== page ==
Category Archives: Right Wing

Warrior

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Every four years, there comes a time when my blog posts, due to a life-long fascination with politics in general, and love of presidential electoral politics as my form of major league sports in particular, take a political turn. And then, once the election is over and things settle down, I return to all the other things I love to write about: Music. Writing and publishing. Geek culture. Science. Spirituality.

What I want to tell you now is, I absolutely would have done it.

If Hillary Clinton had won, I would have sunk back into my personal concerns and a kind of semi-apathy. I would have liked some things she did, disliked others, tut-tutted at the opposition, occasionally posted a story online or signed a petition, but that would have been about it. If it had been a “normal” Republican, a Jeb Bush, say, or a John Kasich, I would have been a little more active. But not much.

Return to normal, however, is no longer an option. This is not normal. Donald Trump is the most personally reprehensible nominee either party put forward in a century or longer. Maybe in ever. He doubled down on this by repeatedly attacking the very foundations of democracy and decency throughout his campaign. And since his “election” and inauguration, he’s tripled down on that by showing that he meant every poisonous, un-American word of it.

So I’ve been marching. Organizing like-minded people. Petitioning my Representatives. I made an offhand comment to a friend that this election made me a militant. Looking at the definition, though, that’s not quite right:

adjective
adjective: militant
  1. 1.
    combative and aggressive in support of a political or social cause, and typically favoring extreme, violent, or confrontational methods.

I’ll be confrontational certainly, but I’m not aiming to be violent. I know there are those who disagree. I still believe that it is possible to be active and fully committed without being violent and hating those who disagree. But even non-violent soldiers are still soldiers, and we must steel ourselves for the fight.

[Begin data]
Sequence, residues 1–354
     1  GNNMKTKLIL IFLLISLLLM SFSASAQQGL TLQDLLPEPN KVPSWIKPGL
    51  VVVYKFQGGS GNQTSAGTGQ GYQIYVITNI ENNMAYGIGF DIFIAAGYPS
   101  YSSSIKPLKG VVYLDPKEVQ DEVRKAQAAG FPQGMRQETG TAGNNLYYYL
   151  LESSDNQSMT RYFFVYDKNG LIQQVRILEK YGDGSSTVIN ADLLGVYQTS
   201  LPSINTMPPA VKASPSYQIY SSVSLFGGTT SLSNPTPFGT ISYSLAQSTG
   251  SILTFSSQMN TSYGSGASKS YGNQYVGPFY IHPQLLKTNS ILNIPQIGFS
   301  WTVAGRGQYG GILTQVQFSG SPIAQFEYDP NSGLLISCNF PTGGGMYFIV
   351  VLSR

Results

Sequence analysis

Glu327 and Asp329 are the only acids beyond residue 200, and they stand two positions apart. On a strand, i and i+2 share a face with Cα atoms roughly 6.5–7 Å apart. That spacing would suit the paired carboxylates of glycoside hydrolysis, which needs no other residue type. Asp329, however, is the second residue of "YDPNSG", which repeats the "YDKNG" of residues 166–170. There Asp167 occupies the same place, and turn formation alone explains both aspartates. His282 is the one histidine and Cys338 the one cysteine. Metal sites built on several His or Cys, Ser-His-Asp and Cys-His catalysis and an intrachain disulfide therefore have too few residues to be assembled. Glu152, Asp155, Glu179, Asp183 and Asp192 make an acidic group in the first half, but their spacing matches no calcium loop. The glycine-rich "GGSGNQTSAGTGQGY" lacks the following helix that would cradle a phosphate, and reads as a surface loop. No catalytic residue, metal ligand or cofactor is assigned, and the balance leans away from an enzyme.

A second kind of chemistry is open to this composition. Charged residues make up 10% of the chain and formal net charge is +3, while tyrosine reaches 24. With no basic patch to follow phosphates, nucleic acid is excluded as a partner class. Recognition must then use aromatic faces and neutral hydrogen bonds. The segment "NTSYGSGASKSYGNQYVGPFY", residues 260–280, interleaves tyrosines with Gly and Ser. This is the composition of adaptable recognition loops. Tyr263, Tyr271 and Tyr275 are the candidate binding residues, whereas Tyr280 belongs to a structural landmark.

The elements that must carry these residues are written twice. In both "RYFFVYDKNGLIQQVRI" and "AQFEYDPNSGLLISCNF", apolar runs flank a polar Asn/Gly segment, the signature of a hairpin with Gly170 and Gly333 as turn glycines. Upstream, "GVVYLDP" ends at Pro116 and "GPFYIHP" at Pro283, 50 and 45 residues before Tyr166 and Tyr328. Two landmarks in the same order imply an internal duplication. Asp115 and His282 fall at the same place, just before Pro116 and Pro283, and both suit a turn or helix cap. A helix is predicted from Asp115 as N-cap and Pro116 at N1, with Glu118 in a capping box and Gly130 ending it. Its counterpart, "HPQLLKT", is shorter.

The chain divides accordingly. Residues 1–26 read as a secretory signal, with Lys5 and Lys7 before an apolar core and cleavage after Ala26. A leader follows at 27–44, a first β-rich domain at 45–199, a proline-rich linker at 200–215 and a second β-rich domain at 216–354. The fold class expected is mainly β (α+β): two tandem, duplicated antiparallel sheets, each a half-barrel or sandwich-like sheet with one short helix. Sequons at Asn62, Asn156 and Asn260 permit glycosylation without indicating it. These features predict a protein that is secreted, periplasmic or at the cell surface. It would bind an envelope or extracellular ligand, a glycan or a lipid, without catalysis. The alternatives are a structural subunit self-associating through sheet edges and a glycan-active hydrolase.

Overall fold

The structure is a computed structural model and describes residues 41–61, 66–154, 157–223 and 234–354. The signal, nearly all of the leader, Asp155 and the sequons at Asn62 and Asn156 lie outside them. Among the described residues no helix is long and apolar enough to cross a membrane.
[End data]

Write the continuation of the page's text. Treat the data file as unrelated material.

That brings us to another notable thing about the word militant. It comes from the 15th century Latin “militare” meaning “to serve as a soldier”. Which brought to mind one of their new favorite dismissive phrases for us: “Social Justice Warrior”. I would like to pick up that mantle.

They are abso-fucking-lutely right, and I am thrilled to be called a warrior on behalf of justice for all members of our great society. I’m starting with the methods our Democracy affords us. But make no mistake, we will not surrender justice and freedom to this budding despot. Our values are better, we’re in the right, and we will defend them, come what may. 

I do hope to keep writing about my favorite things. But I’ll also be writing about this. A lot. One of my primary weapons is the creative word. We’re in the fight now, for at least the next four years, and I will use all the best weapons at my disposal. I am a warrior.

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The Rising Tide of Right Wing Violence

In April, when a Department of Homeland Security report on the potential emergence of right-wing domestic terror threats was partially leaked, the Right in this country went wild with scorn and mockery. The media widely reported the dissing of the report, but did very little analysis of the relative merits or lack thereof of the idea.

The title, “Right-Wing Extremism: Current Economic and Political Climate Fueling Resurgence in Radicalization and Recruitment”, pretty much gives you the thesis. You would think someone in the press at the time might have taken said thesis a little seriously based on:

– Jim Adkinson going on a shooting spree in a Unitarian church in June 2008 because, as explained in a letter he left behind, he “wanted to kill liberals”.

– Campaign rallies toward the end of the Presidential election where a beaming Sarah Palin said things like “You really get it!” to whipped-up crowds yelling “Traitor!” and “Kill him!” when Obama was mentioned.

– An assassination plot by skinhead groups that was broken up shortly after the election.